Sluicing


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sluicing

[′slüs·iŋ]
(mining engineering)
Washing auriferous earth through sluices provided with riffles and other gold-saving appliances.
Separation of minerals in a flowing stream of water.
Moving earth, sand, gravel, or other rock or mineral materials by flowing water.

Sluicing

 

a process of primitive mining of alluvial deposits in which they are washed by a free-flowing stream of water released along a trench that cuts through a deposit. Washing through and gradually deepening the trench, the water carries away the lighter, valueless rock. The heavier minerals, which are to be mined, settle to the bottom of the trench and are then extracted by means of a washing drum and pans. Sluicing was the most highly productive means of mining gold-bearing placers at the end of the 18th and the beginning of the 19th century. The perfecting of the method of sluicing of ore in the 1830’s in the Urals laid the basis for the hydraulic process of mining deposits. In the USSR, sluicing has everywhere been replaced by mechanized mining processes, including the use of an excavator, a bulldozer, or a scraper and hydraulic and dredging equipment.

REFERENCE

Shorokhov, S. M. Razrabotka rossypnykh mestorozhdenii i osnovy proektirovaniia. Moscow, 1963.

V. A. BOIARSKII

References in periodicals archive ?
In this paper, I present an interesting case in Dutch of sluicing that does not seem to have a straightforward source under a deletion account (unless the account is sufficiently abstract to ignore the expression of R-features).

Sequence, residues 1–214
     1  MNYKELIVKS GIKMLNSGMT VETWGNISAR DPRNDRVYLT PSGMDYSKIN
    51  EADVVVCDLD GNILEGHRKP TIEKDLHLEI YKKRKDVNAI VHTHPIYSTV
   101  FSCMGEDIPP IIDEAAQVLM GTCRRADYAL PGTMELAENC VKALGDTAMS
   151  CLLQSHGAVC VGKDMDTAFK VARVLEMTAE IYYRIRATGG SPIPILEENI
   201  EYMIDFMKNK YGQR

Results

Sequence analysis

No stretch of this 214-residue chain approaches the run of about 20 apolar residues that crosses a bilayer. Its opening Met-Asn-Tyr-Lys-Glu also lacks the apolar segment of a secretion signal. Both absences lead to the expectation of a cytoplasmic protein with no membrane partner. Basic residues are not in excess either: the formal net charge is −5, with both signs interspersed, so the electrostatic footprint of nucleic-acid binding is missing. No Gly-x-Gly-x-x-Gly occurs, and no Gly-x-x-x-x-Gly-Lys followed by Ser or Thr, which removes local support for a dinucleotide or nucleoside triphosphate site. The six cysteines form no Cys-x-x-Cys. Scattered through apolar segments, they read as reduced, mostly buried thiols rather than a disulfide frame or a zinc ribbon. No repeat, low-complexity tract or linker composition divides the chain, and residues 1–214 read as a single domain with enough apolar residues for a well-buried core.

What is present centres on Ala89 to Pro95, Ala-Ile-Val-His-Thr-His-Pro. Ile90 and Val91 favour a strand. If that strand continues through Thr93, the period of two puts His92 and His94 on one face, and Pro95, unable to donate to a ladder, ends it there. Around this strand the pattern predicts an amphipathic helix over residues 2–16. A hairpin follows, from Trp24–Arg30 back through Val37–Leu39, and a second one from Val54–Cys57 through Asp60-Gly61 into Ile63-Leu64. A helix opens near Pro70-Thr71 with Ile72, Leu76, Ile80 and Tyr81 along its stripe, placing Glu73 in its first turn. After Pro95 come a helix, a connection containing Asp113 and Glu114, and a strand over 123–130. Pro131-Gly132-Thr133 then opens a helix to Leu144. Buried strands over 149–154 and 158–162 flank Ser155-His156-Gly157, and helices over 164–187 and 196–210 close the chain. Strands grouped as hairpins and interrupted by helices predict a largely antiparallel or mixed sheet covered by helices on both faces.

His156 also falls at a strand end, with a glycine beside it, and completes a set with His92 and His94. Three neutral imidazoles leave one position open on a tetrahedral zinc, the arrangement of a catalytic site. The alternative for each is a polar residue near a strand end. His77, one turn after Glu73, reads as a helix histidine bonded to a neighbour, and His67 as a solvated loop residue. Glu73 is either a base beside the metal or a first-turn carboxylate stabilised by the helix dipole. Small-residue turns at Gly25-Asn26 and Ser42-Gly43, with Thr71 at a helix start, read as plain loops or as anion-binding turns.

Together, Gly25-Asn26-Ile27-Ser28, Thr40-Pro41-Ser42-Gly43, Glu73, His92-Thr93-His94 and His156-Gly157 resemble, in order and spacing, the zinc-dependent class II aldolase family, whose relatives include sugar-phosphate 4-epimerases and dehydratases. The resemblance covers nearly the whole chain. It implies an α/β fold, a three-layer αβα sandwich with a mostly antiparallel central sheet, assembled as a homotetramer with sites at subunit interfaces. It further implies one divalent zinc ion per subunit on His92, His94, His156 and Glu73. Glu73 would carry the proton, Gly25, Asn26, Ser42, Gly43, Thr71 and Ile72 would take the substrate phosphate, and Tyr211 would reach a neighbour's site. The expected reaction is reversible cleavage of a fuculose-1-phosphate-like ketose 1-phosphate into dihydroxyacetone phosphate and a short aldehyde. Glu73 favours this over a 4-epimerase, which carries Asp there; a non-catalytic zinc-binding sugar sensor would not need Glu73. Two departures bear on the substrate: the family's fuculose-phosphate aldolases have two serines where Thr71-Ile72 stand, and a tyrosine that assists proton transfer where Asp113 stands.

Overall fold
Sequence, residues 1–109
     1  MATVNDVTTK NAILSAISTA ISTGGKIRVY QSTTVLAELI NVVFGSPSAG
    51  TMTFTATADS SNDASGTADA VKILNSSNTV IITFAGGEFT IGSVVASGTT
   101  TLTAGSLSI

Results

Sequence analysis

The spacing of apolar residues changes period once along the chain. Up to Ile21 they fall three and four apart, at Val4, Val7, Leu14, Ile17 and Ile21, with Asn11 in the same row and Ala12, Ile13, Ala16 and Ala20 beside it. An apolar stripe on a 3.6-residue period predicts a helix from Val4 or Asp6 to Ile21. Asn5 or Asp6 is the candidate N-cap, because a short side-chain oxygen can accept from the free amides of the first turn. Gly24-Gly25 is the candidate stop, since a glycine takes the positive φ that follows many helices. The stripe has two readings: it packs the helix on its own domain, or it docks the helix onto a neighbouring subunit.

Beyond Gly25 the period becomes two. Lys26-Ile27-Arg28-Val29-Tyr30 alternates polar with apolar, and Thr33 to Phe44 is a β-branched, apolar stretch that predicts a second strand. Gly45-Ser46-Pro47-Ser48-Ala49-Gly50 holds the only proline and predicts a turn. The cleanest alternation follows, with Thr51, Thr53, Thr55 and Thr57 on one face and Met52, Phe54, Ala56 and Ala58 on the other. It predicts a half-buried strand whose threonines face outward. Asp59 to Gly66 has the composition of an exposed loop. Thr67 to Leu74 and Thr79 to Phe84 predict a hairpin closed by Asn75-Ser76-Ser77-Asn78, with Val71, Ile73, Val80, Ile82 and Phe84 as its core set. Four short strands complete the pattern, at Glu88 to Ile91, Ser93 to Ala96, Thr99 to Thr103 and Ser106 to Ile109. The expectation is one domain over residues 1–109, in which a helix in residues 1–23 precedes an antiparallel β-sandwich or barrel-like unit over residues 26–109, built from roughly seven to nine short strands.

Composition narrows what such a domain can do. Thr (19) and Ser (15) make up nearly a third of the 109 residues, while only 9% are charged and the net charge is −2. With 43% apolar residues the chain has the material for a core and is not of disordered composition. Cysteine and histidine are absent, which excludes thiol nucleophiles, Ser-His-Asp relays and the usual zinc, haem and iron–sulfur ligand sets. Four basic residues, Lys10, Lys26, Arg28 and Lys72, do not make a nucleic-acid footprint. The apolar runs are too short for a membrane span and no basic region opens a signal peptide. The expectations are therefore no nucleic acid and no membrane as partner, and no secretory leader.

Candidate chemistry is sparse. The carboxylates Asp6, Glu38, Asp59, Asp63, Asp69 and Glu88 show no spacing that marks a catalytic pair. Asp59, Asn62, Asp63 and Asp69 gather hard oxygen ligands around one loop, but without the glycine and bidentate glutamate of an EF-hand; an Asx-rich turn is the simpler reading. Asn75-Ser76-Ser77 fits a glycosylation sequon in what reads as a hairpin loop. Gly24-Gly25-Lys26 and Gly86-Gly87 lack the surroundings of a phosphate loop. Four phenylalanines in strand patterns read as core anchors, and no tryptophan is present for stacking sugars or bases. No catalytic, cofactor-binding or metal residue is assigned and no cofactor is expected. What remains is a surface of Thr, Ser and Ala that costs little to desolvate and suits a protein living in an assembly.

Merchant (2001) has truly opened the floodgates, and a stream of papers on sluicing is currently enriching our knowledge of how case marking, preposition stranding, and so on show their true colors in the theatre of ellipsis.
The syntax of silence: Sluicing, islands, and the theory of ellipsis.
Absence of Case-matching Effects in Mongolian Sluicing.
Note that both authentic and translated texts signal a similar asymmetry between the relation of the instances of sprouting to those of sluicing (but consider that non-embedded sprouting achieves the frequency rate of 100% in Table 5).
It is a safe assumption then that a felicitous account of sluicing, and ellipsis in general, is best framed in terms of syntactic and semantic licensing with an option of admitting pragmatics, where both embedded and non-embedded orphans contribute to the analysis.
The status of sluicing as a syntax-unrelated rule, however, has not been accepted.
For one thing, sluicing requires a structurally identical antecedent (syntactic licensing) by default, even if this requirement has been subject to relaxation ever since Early OE.
The other conclusion mirrors Ginzburg and Sag's argument in that it addresses the part that embedding plays in sluicing.
Merchant, Jason 2001 The syntax of silence: sluicing, islands, and the theory of ellipsis.
1) I wish to express my thanks to Ivan Sag for information and discussions about sluicing, and to Matti Kilpio and Matti Rissanen for comments and guidance on my research.
A few texts, with instances of sluicing in them, are left unidentified, thus excluded from the statistics.